Math goals are often tricky to line up with the Common Core Standards (which aren’t endorsed by the department of Ed anymore but are still used by almost every curriculum). Meeting a low skill level to an upper grade level can take a lot of thought. Hopefully these examples can give you some new ideas, get you thinking about new ways to track, and if they are written well, they should lead you to progress monitoring.

A question I hear a lot is: How can I use standards that are often too advanced for grade level students, to guide my students who are below grade level? My first thought is to take only the meat of the standards. Many textbooks create math problems that are “interpretations” of the standards. However, when you get to the meat of the standard, there is one or two key skills that students can learn. It’s okay if students can’t do every aspect of the standard. If they can access the basic skill, or one aspect of the content, that is still grade level content AND is differentiating.

There’s a common misconception that if a student receives a goal on grade level, that they no longer need services. This is not true if the IEP goals are creating a way to access grade level standards through differentiating and narrowing down content. I am always a proponent of getting students in special education as much grade level content as possible. So to wrap this up, look for narrowing down the standards to a specific skill that can be taught. Talk with general education teachers to help guide you to which skills are most important. And of course, look at their testing to see which skill areas they are deficient in. Sometimes I write a goal that is skill specific and then another that is grade specific (but still under their area of weakness). Other times, I write them together.

## Operations And Algebraic Thinking

#### Use the four operations with whole numbers to solve problems

These standards and example goals, would all be working on skills around actual computation. So if a student is struggling in computations, I would try to tie into one grade level of these standards.

#### A.1

Interpret a multiplication equation as a comparison, e.g., interpret 35 = 5 × 7 as a statement that 35 is 5 times as many as 7 and 7 times as many as 5. Represent verbal statements of multiplicative comparisons as multiplication equations.

CCSS.MATH.CONTENT.4.OA.A.1

**Complex Example: **Student will be able to take a product in a single digit multiplication problem, and then use the multiplier and multiplicand to make statements about the product being so many times larger. Student will master this goal when they can verbally say the product is ___ times larger across 5 equations, with an average accuracy rate of 70%, across 10 trials.

**Complex Example**: Using a check list with steps to remember, Student will be able to interpret a single digit multiplication statement that a product is a specific times as many as the multiplier. Student will show mastery when they solve this across 3 statements, with an average accuracy rate of 80% across 10 trials.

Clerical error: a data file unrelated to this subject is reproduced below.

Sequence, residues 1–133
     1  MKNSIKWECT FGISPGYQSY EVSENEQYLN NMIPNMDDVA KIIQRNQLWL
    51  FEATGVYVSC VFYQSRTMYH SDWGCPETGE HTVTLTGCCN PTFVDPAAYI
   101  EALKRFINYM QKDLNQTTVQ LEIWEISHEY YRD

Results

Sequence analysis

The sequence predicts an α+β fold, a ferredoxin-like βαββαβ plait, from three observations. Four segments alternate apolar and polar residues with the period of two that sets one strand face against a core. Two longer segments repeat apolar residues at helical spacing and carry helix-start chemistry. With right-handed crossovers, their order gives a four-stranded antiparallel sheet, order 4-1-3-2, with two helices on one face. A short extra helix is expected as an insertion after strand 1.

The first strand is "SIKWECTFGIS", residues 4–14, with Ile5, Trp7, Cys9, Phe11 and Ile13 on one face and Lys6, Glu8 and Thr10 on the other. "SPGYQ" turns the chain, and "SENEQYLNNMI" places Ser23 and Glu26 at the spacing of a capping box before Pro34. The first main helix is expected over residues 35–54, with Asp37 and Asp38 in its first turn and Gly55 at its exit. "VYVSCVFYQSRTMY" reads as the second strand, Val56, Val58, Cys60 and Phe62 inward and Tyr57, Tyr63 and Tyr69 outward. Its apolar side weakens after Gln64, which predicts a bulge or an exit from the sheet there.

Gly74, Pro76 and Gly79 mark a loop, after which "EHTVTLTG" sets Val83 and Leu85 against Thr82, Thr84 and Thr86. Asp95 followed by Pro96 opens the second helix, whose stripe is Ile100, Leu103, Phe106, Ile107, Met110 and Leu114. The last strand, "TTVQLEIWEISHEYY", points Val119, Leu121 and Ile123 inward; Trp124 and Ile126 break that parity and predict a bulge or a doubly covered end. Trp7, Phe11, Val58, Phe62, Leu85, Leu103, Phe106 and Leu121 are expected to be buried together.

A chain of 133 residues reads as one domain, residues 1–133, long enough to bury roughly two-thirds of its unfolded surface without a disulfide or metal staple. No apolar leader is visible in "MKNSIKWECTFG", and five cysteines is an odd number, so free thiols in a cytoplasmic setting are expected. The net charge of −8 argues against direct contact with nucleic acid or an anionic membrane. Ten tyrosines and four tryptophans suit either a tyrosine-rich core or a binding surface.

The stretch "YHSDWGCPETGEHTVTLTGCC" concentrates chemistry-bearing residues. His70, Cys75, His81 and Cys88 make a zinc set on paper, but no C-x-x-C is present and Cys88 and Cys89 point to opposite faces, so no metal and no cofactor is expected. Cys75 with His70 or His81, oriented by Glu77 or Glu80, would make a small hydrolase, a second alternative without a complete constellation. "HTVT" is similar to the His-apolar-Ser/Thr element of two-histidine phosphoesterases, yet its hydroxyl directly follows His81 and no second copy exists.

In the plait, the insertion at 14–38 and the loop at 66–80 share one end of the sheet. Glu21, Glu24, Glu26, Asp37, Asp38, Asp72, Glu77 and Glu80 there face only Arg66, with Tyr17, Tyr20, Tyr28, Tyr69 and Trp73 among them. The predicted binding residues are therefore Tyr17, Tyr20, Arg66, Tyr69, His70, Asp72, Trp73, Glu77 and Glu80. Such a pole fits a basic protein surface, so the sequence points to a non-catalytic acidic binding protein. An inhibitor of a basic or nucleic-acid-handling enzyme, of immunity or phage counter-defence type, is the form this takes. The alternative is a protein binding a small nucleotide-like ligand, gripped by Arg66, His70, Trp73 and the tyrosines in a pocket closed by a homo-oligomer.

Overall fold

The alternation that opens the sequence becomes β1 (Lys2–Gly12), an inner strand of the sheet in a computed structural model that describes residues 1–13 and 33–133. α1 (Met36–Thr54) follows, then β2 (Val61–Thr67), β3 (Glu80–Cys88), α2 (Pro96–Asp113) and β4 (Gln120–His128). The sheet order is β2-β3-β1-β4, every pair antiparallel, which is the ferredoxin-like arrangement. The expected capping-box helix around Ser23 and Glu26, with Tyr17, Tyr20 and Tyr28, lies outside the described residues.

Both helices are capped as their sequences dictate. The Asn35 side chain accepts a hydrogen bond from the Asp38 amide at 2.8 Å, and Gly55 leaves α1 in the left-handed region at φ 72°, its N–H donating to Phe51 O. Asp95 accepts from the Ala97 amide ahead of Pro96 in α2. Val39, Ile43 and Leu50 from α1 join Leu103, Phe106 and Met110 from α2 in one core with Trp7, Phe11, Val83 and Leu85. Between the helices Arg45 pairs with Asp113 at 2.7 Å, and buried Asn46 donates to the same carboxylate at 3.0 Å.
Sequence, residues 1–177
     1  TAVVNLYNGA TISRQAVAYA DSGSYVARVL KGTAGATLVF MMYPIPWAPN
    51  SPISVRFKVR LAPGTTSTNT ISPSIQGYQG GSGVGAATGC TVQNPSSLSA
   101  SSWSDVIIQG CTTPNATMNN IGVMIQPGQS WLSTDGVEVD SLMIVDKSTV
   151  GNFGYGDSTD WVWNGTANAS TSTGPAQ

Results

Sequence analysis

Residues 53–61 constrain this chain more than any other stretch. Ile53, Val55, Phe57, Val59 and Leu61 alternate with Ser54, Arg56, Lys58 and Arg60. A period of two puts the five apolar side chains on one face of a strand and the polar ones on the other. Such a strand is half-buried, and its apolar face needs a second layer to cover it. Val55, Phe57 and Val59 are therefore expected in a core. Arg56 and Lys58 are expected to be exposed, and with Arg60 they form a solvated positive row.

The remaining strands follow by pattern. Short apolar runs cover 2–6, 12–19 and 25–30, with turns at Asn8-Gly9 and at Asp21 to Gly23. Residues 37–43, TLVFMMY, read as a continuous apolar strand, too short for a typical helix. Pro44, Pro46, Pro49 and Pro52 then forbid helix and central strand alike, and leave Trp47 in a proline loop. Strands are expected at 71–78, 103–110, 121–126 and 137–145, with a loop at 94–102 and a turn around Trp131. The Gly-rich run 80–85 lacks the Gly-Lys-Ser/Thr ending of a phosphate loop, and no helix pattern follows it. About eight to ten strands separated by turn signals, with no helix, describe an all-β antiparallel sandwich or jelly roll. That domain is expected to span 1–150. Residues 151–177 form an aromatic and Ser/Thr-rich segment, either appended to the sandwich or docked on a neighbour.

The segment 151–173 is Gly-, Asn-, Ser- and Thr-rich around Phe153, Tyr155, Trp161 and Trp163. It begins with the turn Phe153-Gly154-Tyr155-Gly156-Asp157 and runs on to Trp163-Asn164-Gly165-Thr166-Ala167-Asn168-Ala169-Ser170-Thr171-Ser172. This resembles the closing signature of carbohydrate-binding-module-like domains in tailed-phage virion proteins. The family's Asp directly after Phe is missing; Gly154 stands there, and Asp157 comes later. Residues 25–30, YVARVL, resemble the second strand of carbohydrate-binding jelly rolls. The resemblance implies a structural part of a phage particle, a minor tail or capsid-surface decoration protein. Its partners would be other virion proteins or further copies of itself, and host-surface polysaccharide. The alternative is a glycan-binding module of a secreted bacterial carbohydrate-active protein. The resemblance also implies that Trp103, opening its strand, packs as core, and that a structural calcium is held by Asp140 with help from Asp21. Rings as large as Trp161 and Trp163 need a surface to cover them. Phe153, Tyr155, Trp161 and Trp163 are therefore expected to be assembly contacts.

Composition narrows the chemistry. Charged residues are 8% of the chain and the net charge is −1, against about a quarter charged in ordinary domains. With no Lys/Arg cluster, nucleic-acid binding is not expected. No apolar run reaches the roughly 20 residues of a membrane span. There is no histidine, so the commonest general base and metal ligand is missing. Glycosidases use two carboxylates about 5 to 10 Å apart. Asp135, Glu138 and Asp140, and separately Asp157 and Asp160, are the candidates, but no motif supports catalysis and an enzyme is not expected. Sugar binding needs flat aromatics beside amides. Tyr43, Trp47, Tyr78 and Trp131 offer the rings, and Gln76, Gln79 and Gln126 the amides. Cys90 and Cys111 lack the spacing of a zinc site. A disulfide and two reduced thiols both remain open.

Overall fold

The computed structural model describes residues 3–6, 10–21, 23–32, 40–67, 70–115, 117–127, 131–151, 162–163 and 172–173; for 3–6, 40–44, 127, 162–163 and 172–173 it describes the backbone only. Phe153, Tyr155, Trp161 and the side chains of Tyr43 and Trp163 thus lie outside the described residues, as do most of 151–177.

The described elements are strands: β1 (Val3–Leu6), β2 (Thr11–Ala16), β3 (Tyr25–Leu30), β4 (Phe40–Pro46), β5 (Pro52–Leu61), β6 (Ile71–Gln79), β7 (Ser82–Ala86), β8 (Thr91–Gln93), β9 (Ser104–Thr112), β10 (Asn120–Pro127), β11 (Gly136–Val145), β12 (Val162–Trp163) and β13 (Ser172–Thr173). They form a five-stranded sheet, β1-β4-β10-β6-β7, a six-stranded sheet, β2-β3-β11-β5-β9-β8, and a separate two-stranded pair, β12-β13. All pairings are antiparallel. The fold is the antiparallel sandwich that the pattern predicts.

**Simple Example:** Using a visual representation of a single digit multiplication equation, Student will be able to say the product is ___ times larger than ____, across 3 equations, with an average accuracy rate of 75% across 4 consecutive trials.

**Simple Example:** Student will be able to solve a multiplication problem with digits 1-5 and then say the multiplication sentence using correct vocabulary with on 3 multiplication problems, with 80% accuracy across 10 trials.

#### A.2

Multiply or divide to solve word problems involving multiplicative comparison, e.g., by using drawings and equations with a symbol for the unknown number to represent the problem, distinguishing multiplicative comparison from additive comparison.

CCSS.MATH.CONTENT.4.OA.A.2

*Note: see definition of multiplicative comparison here.*

**Complex Example:** Using a calculator, Student will be able to write a multiplication equation from a single digit multiplicative comparison, on 2 equations, with an average accuracy rate of 70% across 10 trials.

**Simple Example:** Given a multiplication chart, Student will be able to write a multiplication equation from single digit sentence using “twice as many” across 2 equations, and 10 total trials, with at least 80% accuracy. (consider doing a few other goals on three times, four times, etc.)

**Simple Example:** Given a multiplication problem from 1-10, Student will be able to draw a picture of two times as many, on 2 equations per trial, across 10 total trials with an average accuracy rate of 80%.

#### A.3

Solve multistep word problems posed with whole numbers and having whole-number answers using the four operations, including problems in which remainders must be interpreted. Represent these problems using equations with a letter standing for the unknown quantity. Assess the reasonableness of answers using mental computation and estimation strategies including rounding.

CCSS.MATH.CONTENT.4.OA.A.3

*Note: This would be a great standard to create a goal and then benchmarks that include writing an equation with a missing quantity, check their work, or use estimation strategies.*